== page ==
Daughters in Florence

Jan 28th, 2008, 08:09 AM
  #1  
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Daughters in Florence

We seem to be on the verge of - gulp - allowing our two delicately nourished teenaged daughters spend a week in Florence on their own. The original deal was that family friends would be there, too, but they've swerved their plans and the momentum seems carry us on with ours. Heaven forbid we should waste the Italian lessons.

Areas of the city to avoid? They'll probably get beds in a hostel.

stokebailey is offline  
Jan 28th, 2008, 08:40 AM
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What are their precise ages? How mature to you consider them? Have they ever been trusted on their own in the past? In a foreign country?

Can you afford to put them up in a hotel? I'm not against hostels, but (depending on their ages) I might feel more comfortable (as a parent) if they were staying in their own room in a small, family-owned hotel.
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Jan 28th, 2008, 08:55 AM
  #3  
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Thanks, Jean.

They're 16 and soon to be 18, and are levelheaded and trustworthy. Also they get along well and will stick close to each other.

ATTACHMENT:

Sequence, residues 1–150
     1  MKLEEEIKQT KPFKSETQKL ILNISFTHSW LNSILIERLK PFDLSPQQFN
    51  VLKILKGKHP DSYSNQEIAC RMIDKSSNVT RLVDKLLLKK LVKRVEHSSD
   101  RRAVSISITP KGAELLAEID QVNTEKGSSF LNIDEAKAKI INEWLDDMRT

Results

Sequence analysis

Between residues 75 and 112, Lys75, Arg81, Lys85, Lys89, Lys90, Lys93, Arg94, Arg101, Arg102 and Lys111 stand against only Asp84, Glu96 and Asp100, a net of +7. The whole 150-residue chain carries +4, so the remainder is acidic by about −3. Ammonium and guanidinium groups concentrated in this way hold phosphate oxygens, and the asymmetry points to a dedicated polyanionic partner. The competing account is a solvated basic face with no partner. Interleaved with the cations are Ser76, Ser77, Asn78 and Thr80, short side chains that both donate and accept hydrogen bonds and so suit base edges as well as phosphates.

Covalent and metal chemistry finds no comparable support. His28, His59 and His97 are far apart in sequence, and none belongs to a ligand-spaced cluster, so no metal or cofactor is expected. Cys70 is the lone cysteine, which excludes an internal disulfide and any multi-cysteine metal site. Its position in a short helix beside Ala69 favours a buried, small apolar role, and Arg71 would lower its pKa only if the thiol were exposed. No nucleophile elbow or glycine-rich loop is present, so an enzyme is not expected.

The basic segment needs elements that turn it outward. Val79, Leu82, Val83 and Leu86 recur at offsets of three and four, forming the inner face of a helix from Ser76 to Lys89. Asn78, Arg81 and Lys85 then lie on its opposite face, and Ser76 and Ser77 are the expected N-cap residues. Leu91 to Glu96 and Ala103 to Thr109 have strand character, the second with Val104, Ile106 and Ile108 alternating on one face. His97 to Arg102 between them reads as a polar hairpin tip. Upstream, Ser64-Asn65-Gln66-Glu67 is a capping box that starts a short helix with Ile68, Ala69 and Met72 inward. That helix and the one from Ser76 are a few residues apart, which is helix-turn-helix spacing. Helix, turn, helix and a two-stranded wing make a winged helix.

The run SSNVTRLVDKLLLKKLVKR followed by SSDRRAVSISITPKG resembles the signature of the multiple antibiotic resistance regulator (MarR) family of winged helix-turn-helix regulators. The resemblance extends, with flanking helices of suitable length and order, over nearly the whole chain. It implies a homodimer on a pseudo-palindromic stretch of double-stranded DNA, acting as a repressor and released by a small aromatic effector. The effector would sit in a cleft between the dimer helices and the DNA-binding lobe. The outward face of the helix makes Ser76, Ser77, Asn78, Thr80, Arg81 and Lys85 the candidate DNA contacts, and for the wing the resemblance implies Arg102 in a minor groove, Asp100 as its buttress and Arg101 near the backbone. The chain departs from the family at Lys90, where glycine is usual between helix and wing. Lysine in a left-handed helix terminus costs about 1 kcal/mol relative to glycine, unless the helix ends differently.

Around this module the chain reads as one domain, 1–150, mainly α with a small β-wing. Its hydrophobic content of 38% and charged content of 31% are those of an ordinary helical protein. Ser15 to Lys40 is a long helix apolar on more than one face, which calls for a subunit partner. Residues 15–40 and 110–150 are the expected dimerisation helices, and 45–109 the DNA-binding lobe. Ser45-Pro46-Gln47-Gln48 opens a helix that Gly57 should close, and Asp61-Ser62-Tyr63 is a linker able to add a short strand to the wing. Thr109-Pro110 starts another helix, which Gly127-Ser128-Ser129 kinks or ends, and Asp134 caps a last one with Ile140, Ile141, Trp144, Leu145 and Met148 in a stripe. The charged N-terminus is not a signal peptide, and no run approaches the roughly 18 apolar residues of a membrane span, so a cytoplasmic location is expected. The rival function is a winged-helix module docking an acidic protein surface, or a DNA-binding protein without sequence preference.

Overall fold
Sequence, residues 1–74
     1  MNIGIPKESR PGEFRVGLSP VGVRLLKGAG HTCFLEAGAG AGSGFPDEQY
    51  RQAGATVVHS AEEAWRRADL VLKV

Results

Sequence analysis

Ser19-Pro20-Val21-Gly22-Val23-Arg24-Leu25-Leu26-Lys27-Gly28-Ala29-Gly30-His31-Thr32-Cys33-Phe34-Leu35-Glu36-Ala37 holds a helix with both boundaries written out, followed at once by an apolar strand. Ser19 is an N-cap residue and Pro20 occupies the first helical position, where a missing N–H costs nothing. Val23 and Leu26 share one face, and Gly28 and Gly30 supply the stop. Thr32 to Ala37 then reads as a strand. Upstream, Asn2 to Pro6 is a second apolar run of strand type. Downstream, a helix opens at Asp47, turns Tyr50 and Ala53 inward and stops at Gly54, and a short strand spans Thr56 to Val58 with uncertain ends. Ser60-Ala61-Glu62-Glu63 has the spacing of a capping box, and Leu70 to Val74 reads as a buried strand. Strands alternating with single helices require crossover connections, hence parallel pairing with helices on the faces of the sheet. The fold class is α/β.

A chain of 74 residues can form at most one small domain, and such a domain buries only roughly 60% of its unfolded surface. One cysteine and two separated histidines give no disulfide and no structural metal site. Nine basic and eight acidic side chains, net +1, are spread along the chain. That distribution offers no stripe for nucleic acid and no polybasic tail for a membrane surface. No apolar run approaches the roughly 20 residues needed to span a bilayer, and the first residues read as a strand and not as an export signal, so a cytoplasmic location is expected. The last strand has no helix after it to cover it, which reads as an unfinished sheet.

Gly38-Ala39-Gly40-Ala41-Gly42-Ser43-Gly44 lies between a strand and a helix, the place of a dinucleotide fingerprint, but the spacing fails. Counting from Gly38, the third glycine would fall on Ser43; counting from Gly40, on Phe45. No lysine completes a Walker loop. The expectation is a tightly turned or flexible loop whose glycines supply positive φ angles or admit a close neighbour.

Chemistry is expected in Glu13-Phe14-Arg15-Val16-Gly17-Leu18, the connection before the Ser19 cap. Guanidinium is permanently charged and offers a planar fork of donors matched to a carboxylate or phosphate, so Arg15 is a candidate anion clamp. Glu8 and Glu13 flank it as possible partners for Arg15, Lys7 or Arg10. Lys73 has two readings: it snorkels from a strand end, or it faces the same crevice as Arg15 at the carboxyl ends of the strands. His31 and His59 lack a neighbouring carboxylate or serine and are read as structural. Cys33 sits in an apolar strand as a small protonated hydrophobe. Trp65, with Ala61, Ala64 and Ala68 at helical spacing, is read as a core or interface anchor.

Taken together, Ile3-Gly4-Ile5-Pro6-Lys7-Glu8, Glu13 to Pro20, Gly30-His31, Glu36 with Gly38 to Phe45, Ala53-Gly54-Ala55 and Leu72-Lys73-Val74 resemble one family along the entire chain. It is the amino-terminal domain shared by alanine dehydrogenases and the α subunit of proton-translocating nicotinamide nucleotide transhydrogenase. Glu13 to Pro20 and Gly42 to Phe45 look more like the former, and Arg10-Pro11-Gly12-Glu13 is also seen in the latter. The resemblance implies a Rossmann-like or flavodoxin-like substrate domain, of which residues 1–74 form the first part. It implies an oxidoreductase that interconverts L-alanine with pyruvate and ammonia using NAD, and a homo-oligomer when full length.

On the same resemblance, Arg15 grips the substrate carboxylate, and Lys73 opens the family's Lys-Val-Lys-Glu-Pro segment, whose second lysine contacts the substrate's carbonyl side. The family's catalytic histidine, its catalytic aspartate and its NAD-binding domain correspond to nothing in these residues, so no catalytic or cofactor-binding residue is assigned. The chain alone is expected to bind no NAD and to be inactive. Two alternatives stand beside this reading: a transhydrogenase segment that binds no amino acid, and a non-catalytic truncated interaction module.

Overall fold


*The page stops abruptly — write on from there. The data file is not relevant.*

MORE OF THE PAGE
The older is very good with navigating, did a lot of helping us get on the right train when we were in Paris and London last year. I'd much rather have her in the passenger seat than my husband, for instance, navigating roundabouts in the French countryside.

I agree about the small, family-owned hotel. Any ideas on one? I've never been to Italy, and can't manage it this time with them.
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Jan 28th, 2008, 09:07 AM
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bookmarking to respond when I have more time...
gruezi is offline  
Jan 28th, 2008, 09:08 AM
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jay
 
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Stayed at a great B&B called the A Teatro B&B. Very nice with large rooms and across the street from the theater. As Jean said, if it were me I would spring for a room.